"If anyone shall not do this [pay tithes] he is convicted of defrauding and supplanting God."-Jerome (3)

    As our modern churches cry out to God for revival, we are reminded of a disturbing statistic: According to Christian pollster George Barna, only 8-10% of active church members are faithful to God's ordinance of tithing. Until this problem is corrected, it seems unlikely that we will see any significant revival in our midst. As Jesus reminds us, "Where your treasure is, there will your heart be also (Matthew 6:21)."

    Isn’t your total abstinance position on alcohol a bit legalistic?

    In all of our years of writing our online Bible studies, we have probably received more responses to my article on Alcohol and the Bible than almost any other. I realize that to some, my total abstinence stand on alcohol may seem like a somewhat "hard line" position. I am also aware that there are sincere Christians who would disagree with me. I certainly hold no ill will toward them. While both sides can offer "proof texts" for our respective views, there are certain things that I am sure we can agree on. I will specifically look at two:

    Would lightning strike me if I were to drink a beer or a glass of wine? Probably not, but that really isn't the point. To me, abstinence is geared toward three specific goals: Even if it turns out that I am wrong, and that I have interpreted these Scriptures incorrectly, what have I lost? Drinking alcohol would bring nothing positive into my life, but it could potentially bring a great deal of negative. For me, this is not legalistic at all. In fact, it is very liberating! Both my understanding of Scripture, as well as simple life experience have shown me that alcohol is something best left alone.

    Which is the true Sabbath, Saturday or Sunday?

    In the Old Testament, the seventh-day Sabbath was primarily a sign of God's covenant with Israel (see Exodus 20:8; 31:13-17; Deuteronomy 5:12-15). Prophetically speaking, it was also a type of Jesus, the coming Messiah and what He would accomplish in His redemptive work (Colossians 2:14-17, Hebrews 4:1-11). In that sense, our relationship with Him is a Sabbath rest that never ends!

    That being said, God designed the human body for a cyclical lifestyle in which we work for six days, then rest on the seventh (medical science confirms this). To this end, the Sabbath principle lives on in the New Testament in the form of the "Lord's Day" (Revelation 1:10). Although the point is not in legalistic observance of any particular day (Romans 14:5-6), key biblical passages do indicate that the early church kept the first day of the week, which we know as Sunday (Acts 20:6-12; 1 Corinthians 16:1-2). This commermorates the Resurrection of Jesus, which occured on the first day of the week (Matthew 28:1-7; Mark 16:1-9; Luke 24:1-8; John 20:1-16).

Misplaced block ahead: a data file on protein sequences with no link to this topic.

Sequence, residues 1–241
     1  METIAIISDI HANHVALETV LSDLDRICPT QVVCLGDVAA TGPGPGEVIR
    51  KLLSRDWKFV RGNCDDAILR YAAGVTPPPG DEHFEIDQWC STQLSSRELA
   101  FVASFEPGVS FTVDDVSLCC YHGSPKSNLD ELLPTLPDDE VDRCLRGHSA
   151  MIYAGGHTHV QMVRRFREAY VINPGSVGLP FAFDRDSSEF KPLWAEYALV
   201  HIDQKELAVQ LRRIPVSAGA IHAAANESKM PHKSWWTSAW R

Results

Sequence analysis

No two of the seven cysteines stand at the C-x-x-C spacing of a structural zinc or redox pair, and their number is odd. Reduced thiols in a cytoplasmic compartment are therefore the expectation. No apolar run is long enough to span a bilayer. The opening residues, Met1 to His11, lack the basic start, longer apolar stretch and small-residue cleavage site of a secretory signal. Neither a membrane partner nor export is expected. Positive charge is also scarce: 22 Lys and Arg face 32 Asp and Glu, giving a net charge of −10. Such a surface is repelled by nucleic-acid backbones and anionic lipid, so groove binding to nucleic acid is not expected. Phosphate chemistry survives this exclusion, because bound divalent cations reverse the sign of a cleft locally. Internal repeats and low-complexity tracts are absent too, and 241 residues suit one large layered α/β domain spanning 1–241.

The conspiracy theories claiming that the Sabbath was changed to Sunday by Emperor Constantine, the Pope or some other culprit are simply not historically accurate. The ten volume Ante-Nicene Fathers collection contains the writing of church fathers leading up to the time of Constantine. Several of them, including such luminaries as Justin Martyr, Tertullian and Ignatius of Antioch (who was actually alive at the time of the Apostles) all verify that the early Christians did assemble for worship on the first day of the week.

    Is gambling a sin?

    This has been a major debate in our home state of Tennessee, as a state lottery referendum came up as an issue in a recent election. Although Dave and I both voted against the measure, it passed nonetheless, and we have not seen a reason to "crusade" against it any further.

    The Bible does not contain a clear-cut "Thou shalt not" in regards to gambling, and although I personally do not play the lottery, I do not condemn people who may feel differently than I do on the issue. At the same time, Scripture does give us some important principle to keep in mind. For example, we are to be good stewards of the resources God entrusts to us (Matthew 25:14-30), and we are to avoid "get rich quick" schemes (Proverbs 13:11; 23:5; Ecclesiastes 5:10). An intemperate desire to become rich (which is, of course, a primary reason why people gamble) can have disastrous results in a Christian's life (1 Timothy 6:9).

    Jesus said that wisdom is justified by her children (Matthew 11:19). In other words, we can judge the nature of a thing by the results it produces. Look at cities such as Las Vegas, Atlantic City or anywhere that gambling is a prominant part of the culture. Is it a coincidence that these cities are bastions of crime, greed and immorality? It is also noteworthy that these cities have a suicide rate that is much higher than the national average. When we see the negative impact gambling has had on society, it is easy to see that it is something we are better off not indulging in.

    Is it wrong to celebrate Christmas?

    The Bible teaches that the observance of religious holidays is largely a matter of individual conscience (Romans 14:5-6). For that reason, I really do not take issue with Christians who do not feel that they should celebrate festivals such as Christmas. It is true that the Bible does not contain a specific commandment to observe Christ's birthday, that Jesus was probably not born in the winter, that December 25 is actually a co-opted pagan holiday and that Christmas celebrations are often used as an excuse for drunkenness, materialism and countless other sinful activities. In fact, the Puritans of New England went to what might be called an extreme of imposing legal penalty for the celebration of the holiday in the Colony.